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Joe Bob Briggs is coming to town.
Joe Bob Briggs is coming to town.
MGMarshall Photography

21 Things To Do in Dallas This Week


Wednesday

We wonder. If one were to poll a random group of American twentysomethings, how many could give a knowledgeable account of the birth of Jesus, the flight into Egypt and other details of the Nativity? And how many, do you think, could tell the entire plot of A Christmas Story, with Ralphie, the leg lamp and Ralphie's campaign for a Red Ryder BB gun in 1940s Indiana? Which would be a bigger number? We figure a lot more people have basic cable than attend church, so we're going with Ralphie. What? You say you've heard of Jesus but not Ralphie? Then prepare for a treat as A Christmas Story, The Musical comes to the Winspear Opera House, 2403 Flora St., from Broadway on Dec. 12-16. Nominated for three Tony Awards in 2013, the musical adds tunes and brings the 1983 classic holiday movie to the stage. Tickets start at $25 at attpac.org. Wednesday's kid-friendly performance begins at 7:30 p.m. It's Neiman Marcus Kids Night, so children get in free with accompanying adult admission. Patrick Williams

Local rap fans take notice because one of the best Southern hip hop acts of all time is swinging through our fair city. Borne out of the same seminal Atlantan weird rap energy that gave rise to Outkast, Goodie Mob — CeeLo Green, Big Gipp, Khujo Goodie, T-mo Goodie — muddled sinister and sorrowful street tales with woke lyricism and the uplifting power of community. Set in dense, often bleak but always beautiful productions, their tracks captured the crunk, midnight stylings of the Dirty South while at once elevating the regional aesthetic to the post-geographical, high-art space so much contemporary hip hop now occupies. CeeLo’s thrilling, oddball timbres alone are worth the price of admission. With Cure for Paranoia, 8 p.m. Wednesday, Dec. 12 at Canton Hall, 2727 Canton St., tickets start at $30 at ticketfly.com. Jonathan Patrick

It will be a two-night stand for singer/songwriter/heartthrob Jason Mraz just a few weeks shy of Christmas. Joined by longtime percussionist Toca Rivera for these acoustic-centric sets, the pair will have the opener Gregory Page with them. Mraz, a multi-Grammy winner, might be best known for his tune "I'm Yours" in 2009, but he's released a number of records since then. His latest, Know, came out this year. He might never be cool with the hipster crowd who can't stand his gentle voice and acoustic-driven songs, but he's still enough of a draw with the pop and folk crowds for him to headline the mighty Majestic. With Gregory Page, Wednesday at Majestic Theatre, 1925 Elm St., $39.75-$99.50 at axs.com. Eric Grubbs

Thursday

Need a little Christmas? Right this very minute? Treat yourself and your auntie (Mame or otherwise) to Have Yourself A Broadway Little Christmas at 7:30 p.m. Thursday and Friday on the main stage at the Dupree Theater, Irving Arts Center, 3333 N. MacArthur Blvd. Local cabaret favorite Amy Stevenson hosts, assisted by Sherry Etzel. Piano accompanist is Pam McLain. Hum along to holiday-themed songs from movie musicals and Broadway shows, including Irving Berlin’s White Christmas, Mame and Elf. Auctions and raffles are part of the fun. Go to irvingtheatre.org for info and tickets ($50). Spend $75 and get priority seating and cocktail reception with the cast after the Friday performance. Reba Liner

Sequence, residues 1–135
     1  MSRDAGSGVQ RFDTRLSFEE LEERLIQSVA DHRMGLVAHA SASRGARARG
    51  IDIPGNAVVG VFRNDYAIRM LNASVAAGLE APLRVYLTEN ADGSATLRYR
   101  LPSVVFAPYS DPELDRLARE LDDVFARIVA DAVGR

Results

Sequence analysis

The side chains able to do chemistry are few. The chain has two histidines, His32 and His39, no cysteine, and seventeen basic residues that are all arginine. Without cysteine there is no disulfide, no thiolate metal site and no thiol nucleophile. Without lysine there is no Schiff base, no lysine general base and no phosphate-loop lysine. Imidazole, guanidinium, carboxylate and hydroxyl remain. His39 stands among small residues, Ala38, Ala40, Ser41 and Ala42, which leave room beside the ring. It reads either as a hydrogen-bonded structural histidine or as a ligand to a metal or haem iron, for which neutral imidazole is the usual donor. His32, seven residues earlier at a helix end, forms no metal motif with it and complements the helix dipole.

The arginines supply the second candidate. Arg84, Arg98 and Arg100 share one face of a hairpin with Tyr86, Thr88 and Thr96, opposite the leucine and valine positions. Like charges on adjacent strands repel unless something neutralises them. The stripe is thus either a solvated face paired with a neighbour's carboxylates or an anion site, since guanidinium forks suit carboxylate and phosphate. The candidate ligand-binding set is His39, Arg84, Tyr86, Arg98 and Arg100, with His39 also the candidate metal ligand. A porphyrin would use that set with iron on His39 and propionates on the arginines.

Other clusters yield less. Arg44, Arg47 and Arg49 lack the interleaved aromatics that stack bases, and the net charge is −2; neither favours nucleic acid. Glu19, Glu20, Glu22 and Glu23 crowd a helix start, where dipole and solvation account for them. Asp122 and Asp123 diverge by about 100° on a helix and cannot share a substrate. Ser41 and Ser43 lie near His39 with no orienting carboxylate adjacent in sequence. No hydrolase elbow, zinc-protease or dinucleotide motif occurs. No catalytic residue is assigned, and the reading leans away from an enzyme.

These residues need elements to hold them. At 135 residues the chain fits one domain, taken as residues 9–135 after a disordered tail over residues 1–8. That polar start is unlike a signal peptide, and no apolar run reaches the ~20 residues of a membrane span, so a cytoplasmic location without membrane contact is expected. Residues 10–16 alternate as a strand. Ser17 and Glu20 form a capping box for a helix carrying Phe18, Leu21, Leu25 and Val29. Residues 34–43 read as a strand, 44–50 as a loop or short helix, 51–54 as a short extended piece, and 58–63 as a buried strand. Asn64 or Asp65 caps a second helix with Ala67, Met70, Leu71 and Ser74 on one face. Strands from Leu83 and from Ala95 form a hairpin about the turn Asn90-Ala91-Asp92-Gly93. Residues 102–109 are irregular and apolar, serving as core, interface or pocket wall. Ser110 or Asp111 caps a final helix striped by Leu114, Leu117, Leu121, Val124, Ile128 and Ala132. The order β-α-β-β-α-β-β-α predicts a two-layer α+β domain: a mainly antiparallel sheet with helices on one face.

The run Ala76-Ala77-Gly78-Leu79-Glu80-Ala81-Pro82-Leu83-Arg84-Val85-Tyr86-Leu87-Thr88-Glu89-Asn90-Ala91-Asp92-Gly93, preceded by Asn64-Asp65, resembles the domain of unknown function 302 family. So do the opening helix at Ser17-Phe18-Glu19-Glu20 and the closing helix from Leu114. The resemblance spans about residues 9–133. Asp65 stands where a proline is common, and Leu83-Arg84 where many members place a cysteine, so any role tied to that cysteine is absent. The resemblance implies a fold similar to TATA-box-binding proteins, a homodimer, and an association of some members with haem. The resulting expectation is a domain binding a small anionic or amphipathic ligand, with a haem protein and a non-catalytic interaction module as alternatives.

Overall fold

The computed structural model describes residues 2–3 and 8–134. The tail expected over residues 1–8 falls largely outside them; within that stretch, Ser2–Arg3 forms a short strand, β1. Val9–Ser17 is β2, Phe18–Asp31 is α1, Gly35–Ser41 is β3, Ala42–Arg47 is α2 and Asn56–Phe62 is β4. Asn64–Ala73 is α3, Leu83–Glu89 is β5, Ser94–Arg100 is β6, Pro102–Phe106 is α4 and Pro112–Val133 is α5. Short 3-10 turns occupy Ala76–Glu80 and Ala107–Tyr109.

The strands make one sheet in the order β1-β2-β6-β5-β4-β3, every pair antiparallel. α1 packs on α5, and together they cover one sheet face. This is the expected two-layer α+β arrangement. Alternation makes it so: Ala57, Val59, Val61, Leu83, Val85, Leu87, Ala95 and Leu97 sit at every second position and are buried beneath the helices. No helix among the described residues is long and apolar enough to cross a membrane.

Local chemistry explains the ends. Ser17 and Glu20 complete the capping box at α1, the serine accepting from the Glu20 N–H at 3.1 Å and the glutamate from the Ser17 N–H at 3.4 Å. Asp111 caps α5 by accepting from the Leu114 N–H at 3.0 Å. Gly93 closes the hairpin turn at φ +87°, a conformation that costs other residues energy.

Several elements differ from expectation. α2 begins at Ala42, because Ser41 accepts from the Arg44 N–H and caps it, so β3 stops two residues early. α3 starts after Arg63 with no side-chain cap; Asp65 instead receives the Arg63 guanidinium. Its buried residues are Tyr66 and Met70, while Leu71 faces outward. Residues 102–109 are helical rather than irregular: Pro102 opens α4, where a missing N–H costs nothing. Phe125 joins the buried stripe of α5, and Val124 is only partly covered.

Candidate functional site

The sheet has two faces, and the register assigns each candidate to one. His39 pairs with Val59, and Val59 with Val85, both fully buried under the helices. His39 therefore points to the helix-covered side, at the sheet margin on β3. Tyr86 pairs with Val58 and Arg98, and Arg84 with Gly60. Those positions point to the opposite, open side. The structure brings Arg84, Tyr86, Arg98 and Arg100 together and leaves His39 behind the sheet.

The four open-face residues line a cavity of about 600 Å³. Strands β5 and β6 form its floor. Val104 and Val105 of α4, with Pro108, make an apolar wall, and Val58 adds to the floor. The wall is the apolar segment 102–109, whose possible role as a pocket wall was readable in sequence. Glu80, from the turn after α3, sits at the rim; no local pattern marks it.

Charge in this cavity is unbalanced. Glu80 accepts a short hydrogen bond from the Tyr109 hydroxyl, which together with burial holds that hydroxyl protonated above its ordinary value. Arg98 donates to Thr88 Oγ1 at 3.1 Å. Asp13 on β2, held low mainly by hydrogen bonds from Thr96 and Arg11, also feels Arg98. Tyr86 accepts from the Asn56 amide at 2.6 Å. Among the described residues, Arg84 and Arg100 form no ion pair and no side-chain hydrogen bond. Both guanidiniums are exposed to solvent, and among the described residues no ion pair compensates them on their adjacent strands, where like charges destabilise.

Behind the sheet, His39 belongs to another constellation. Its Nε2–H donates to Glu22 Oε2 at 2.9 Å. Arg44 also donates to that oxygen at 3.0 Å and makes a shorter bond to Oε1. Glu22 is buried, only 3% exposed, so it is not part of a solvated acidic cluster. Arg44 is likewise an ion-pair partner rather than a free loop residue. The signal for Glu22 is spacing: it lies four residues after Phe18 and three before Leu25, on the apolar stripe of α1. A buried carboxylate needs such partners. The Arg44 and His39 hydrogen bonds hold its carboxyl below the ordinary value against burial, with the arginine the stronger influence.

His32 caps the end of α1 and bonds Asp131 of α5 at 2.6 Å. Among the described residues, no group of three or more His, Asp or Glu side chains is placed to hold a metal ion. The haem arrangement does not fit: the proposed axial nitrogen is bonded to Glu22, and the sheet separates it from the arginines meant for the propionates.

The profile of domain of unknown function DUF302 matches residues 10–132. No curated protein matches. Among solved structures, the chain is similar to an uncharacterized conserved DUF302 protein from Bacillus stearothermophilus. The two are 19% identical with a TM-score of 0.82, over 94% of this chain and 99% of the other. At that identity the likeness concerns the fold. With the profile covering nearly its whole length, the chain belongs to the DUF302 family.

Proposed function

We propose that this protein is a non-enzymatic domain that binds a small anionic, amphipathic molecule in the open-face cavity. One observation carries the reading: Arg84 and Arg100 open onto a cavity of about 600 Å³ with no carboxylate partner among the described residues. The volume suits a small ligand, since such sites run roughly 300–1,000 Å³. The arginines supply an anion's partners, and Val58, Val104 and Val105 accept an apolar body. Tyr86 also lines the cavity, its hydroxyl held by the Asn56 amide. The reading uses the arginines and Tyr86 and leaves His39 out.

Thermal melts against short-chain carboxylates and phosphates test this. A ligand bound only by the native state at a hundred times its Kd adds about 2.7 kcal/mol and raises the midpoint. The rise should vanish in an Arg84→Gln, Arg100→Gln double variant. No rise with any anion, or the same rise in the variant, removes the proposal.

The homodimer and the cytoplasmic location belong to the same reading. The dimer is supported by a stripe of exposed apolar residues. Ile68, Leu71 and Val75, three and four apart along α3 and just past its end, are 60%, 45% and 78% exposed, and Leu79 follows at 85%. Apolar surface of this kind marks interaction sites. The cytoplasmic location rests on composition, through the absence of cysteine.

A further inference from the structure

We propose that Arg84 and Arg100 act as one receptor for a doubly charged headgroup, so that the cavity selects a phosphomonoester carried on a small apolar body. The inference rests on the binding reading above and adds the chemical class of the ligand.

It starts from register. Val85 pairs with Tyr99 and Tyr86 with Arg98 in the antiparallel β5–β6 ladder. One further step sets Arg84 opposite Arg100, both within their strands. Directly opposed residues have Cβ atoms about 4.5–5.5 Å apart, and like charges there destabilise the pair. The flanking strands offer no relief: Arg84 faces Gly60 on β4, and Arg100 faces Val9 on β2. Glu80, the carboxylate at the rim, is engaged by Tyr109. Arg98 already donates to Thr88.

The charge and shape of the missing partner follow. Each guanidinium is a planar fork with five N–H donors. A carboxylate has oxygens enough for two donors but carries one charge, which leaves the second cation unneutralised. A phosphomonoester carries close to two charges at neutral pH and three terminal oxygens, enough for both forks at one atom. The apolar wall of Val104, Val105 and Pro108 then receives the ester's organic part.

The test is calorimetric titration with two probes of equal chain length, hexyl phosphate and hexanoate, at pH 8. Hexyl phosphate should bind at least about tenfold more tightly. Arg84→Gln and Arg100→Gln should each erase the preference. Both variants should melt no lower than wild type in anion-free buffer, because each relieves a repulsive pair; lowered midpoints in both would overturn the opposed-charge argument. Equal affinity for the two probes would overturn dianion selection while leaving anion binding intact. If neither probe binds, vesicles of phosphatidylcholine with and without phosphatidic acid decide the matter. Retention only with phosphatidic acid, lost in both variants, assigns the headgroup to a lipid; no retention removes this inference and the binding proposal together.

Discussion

Most of our beloved Christmas movies happen in familiar settings: warmly bedecked homes, ice skating rinks tucked around massive Christmas trees or crystalline snowscapes. The familiarity is what draws us in year after year. The movies start to feel like home. In Tim Burton’s world, of course, home looks a little different. His The Nightmare Before Christmas is a Halloween/Christmas mashup that deconstructs our notions of sanitized holiday imagery in favor of a whole new world, inhabited by misfits and a stunning visual lushness you won’t see in any other holiday movie. Director Henry Selick’s stop-action animation and the clever songs by Danny Elfman give the tale of self-discovery and redemption a subversive but sweet edge that make the film annual viewing despite the lack of catchphrases and traditional scenery. See it again at the beautiful Majestic Theatre, 1925 Elm St., as part of a collaboration with the venerable Texas Theatre. It’ll screen at 8 p.m. Thursday, Dec. 13; tickets are available at thetexastheatre.com for $10. Jennifer Davis-Lamm

Joe Bob Briggs was our cover boy a few weeks ago, and now he's coming back to the city that once proclaimed him dead to give America the history of rednecks. Briggs, who has made his name as a drive-in movie critic and TV personality, will use more than 200 media clips to teach his audience at Alamo Drafthouse Richardson, 100 S. Central Expressway, the "most sacred redneck cinematic moments." Most important, it's your chance to see the man behind the screen in flesh. It all goes down 9 p.m. Thursday, Dec. 13. Tickets are $25 at drafthouse.com. Paige Skinner

Often referred to by their shorthanded initials, MATAS, the Denton-based psychedelic folk act has now been making music for close to 20 years. Their trademark lies in taking dark and sometimes sinister lyrical compositions and turning them into something majestic and glowing. Like kindred spirits The Flaming Lips, Grandaddy or Spiritualized, the band makes trippy soundscapes that are easy to get lost in. It's perfect music for late-night contemplation or deep explorations of the soul. For this show on the home turf, the band are promising something particularly special. Horns and strings will be up on stage to add some technicolor character to the songs, and perhaps there will even be a little collaboration with some of Denton's other finest local musicians. 9 p.m. Thursday, Dec. 13 at Dan's Silverleaf, 103 Industrial St., Denton, $50 and up at prekindle.com. Jeff Strowe